The police in Plainfield, Illinois, are being taught several misconceptions about Islam. Hamas-linked CAIR’s Sabeel Ahmed led presentations alongside Muhammad and Zulfie Khan of the Al-Aqsa Community Center.
“Contrary to popular belief, he [Ahmed] said, true Islam does not suppress women. He explained that in some cultures, women are forced into marriage. In Islam, there is no forcing males or females into marriage and women are empowered.”
Hm, that seems a bit odd, considering he also suggests for police to always have a female officer when investigating cases involving Muslims. So much for equality!
If this is what US police are learning, how will our law enforcement help victims of violence, not to mention evaluate potential links to terrorism? Interestingly enough, on the webpage for the article, the video insert of of a police briefing in St. Cloud, Minnesota, where a knife-wielding jihadist targeted infidels. Mixed messages – sad!
“Plainfield police learn about Islam, Muslims through community partnership,” by Mike Mallory, The Herald News, September 27, 2016:
PLAINFIELD – A partnership was recently reached between the Plainfield Police Department and Al Aqsa Community Center to strengthen the relationships between law enforcement, Muslims and the local communities in which they live.
Plainfield Police Chief John Konopek and Cmdr. Mike Novak recently visited the Al Aqsa Community Center, 17940 S. Bronk Road in Plainfield, for a meet and greet, Imam Charles Muhammad said.
On Tuesday, Muhammad and Zulfie Khan, the center’s secretary general, presented alongside Sabeel Ahmed to Plainfield police at the Plainfield Law Enforcement Center. Ahmed is director of GainPeace, a nonprofit with a main goal of educating the public about Islam and clarifying many misconceptions they may hold.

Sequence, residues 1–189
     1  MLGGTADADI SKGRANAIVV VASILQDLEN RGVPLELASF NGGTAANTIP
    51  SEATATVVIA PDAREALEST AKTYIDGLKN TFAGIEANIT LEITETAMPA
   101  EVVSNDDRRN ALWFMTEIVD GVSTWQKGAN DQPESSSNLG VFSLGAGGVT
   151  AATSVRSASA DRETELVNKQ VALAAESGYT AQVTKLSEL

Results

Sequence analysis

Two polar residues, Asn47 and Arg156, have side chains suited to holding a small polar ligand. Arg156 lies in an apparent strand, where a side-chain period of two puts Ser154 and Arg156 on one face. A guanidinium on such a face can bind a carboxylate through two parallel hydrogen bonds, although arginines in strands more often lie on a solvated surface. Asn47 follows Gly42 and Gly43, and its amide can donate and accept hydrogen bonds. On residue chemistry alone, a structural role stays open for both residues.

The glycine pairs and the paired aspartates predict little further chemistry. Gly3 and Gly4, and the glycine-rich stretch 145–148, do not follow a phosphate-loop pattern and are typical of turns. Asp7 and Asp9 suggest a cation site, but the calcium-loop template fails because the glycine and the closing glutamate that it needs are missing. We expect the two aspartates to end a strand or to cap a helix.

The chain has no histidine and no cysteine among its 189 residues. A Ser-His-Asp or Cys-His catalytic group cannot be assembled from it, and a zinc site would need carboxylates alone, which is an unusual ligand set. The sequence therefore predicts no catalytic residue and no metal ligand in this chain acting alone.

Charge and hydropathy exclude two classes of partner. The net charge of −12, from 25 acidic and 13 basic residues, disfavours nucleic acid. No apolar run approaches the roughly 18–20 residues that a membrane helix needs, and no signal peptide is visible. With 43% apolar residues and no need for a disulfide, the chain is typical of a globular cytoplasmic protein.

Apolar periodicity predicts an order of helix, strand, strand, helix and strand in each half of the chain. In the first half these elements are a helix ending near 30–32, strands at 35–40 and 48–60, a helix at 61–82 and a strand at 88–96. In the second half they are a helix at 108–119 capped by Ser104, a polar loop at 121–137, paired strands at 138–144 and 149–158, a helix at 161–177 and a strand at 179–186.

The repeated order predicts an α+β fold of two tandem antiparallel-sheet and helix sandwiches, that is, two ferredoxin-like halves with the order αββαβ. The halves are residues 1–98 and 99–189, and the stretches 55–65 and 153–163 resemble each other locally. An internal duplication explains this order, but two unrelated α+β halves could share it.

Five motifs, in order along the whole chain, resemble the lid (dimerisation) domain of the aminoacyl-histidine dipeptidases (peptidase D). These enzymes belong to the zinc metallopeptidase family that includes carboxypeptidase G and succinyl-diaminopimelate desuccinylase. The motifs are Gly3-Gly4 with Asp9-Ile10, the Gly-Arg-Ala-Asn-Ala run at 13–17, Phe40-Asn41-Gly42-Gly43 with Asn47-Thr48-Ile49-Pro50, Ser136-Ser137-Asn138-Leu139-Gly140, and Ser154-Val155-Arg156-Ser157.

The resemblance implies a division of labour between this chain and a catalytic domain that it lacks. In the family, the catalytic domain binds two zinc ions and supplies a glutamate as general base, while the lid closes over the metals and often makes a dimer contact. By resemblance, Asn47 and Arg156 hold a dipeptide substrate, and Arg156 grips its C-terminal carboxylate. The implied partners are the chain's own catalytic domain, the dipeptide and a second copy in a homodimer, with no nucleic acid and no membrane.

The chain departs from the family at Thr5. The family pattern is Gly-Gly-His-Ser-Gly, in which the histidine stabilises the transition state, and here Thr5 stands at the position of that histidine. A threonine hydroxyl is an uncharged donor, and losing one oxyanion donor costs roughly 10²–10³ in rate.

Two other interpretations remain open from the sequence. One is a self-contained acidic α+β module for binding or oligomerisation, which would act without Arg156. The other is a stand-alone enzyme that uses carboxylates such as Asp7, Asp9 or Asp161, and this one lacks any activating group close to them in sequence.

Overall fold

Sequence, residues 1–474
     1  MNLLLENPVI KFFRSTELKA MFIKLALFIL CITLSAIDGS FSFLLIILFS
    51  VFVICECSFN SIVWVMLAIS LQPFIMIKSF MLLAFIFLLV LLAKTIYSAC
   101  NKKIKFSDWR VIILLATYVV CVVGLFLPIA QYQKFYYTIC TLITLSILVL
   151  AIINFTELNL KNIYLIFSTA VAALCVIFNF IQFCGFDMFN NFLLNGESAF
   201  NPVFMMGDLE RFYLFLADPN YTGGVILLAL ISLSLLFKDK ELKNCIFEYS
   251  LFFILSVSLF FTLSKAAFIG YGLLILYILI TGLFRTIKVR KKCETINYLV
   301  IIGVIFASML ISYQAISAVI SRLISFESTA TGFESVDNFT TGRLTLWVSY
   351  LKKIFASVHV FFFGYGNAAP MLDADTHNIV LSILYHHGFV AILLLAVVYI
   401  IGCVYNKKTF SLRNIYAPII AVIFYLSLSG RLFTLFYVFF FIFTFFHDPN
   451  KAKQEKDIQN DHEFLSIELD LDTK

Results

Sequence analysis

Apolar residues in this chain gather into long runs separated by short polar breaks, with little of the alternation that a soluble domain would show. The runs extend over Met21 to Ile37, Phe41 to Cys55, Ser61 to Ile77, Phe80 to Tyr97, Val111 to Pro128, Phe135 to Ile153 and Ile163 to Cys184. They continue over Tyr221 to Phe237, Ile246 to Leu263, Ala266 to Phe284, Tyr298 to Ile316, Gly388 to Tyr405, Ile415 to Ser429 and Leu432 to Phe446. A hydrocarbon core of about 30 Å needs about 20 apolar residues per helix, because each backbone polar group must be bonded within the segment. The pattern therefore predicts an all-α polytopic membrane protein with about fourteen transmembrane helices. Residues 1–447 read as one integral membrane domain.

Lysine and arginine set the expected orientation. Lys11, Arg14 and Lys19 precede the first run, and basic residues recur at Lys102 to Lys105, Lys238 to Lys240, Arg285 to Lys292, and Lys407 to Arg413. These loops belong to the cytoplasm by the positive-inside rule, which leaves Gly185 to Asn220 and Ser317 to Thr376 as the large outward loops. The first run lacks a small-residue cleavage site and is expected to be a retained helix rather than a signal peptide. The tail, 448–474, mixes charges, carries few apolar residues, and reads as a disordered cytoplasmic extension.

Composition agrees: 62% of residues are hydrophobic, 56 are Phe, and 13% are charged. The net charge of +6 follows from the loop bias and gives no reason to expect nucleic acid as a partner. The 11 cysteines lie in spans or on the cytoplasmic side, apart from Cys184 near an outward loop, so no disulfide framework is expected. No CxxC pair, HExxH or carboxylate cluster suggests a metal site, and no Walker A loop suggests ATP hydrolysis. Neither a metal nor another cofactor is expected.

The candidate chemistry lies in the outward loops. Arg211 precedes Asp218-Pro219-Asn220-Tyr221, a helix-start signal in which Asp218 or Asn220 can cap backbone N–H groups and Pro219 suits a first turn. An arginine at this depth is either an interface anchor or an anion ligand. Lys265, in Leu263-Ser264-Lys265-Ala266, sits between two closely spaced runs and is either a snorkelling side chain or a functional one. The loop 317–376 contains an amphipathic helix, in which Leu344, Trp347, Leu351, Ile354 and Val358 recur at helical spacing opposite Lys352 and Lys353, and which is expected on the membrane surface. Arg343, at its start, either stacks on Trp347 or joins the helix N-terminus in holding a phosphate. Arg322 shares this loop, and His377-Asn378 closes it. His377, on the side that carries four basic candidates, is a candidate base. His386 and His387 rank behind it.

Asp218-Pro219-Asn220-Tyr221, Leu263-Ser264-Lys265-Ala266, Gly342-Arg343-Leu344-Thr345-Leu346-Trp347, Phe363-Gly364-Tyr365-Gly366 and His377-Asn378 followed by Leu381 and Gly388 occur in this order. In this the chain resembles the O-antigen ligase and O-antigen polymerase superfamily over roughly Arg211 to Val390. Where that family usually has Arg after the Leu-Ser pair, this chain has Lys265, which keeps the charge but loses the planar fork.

Ahmed said that before he came to America 20-plus years ago, he thought everyone was violent in the U.S. because of what he had seen in movies.
Once he started socializing, he learned Americans seek peace and aspire for better communities just such as he does. He said he realized he should not judge based on perceptions he was being fed through the media or other sources.
Clarifying misconceptions is what the police-community center partnership hopes to do in the Plainfield area. Muhammad said the department and Al Aqsa want to continue fostering the relationship, as more than 600 Muslim families live within a 10-mile radius of the community center.
In his presentation, Ahmed touched on several common misconceptions about Islam and Muslims.
Contrary to popular belief, he said, true Islam does not suppress women. He explained that in some cultures, women are forced into marriage. In Islam, there is no forcing males or females into marriage and women are empowered.
Ahmed then pointed to a picture on his slideshow with Muslim women of different skin tones from different countries who won medals in the 2016 Olympic games.
He said that despite what is in the news, Muslims in America are statistically the least threat to society. Muslims are also active in civic engagement. He said Islam teaches them to help the poor, needy and homeless.
Officers in attendance asked questions about the differences between certain articles of clothing and how to best police in specific situations. One officer asked about the best way to approach a situation where a Muslim woman is a victim of violence.
Muhammad advised the officers that if there does not appear to be severe injuries, then to respect the hijab – a headscarf worn by Muslim women in the presence of men outside their immediate family. But if an officer is certain there are head injuries, they must do what is necessary to treat the woman, he said. Ahmed recommended having a female officer present if at all possible in such a situation.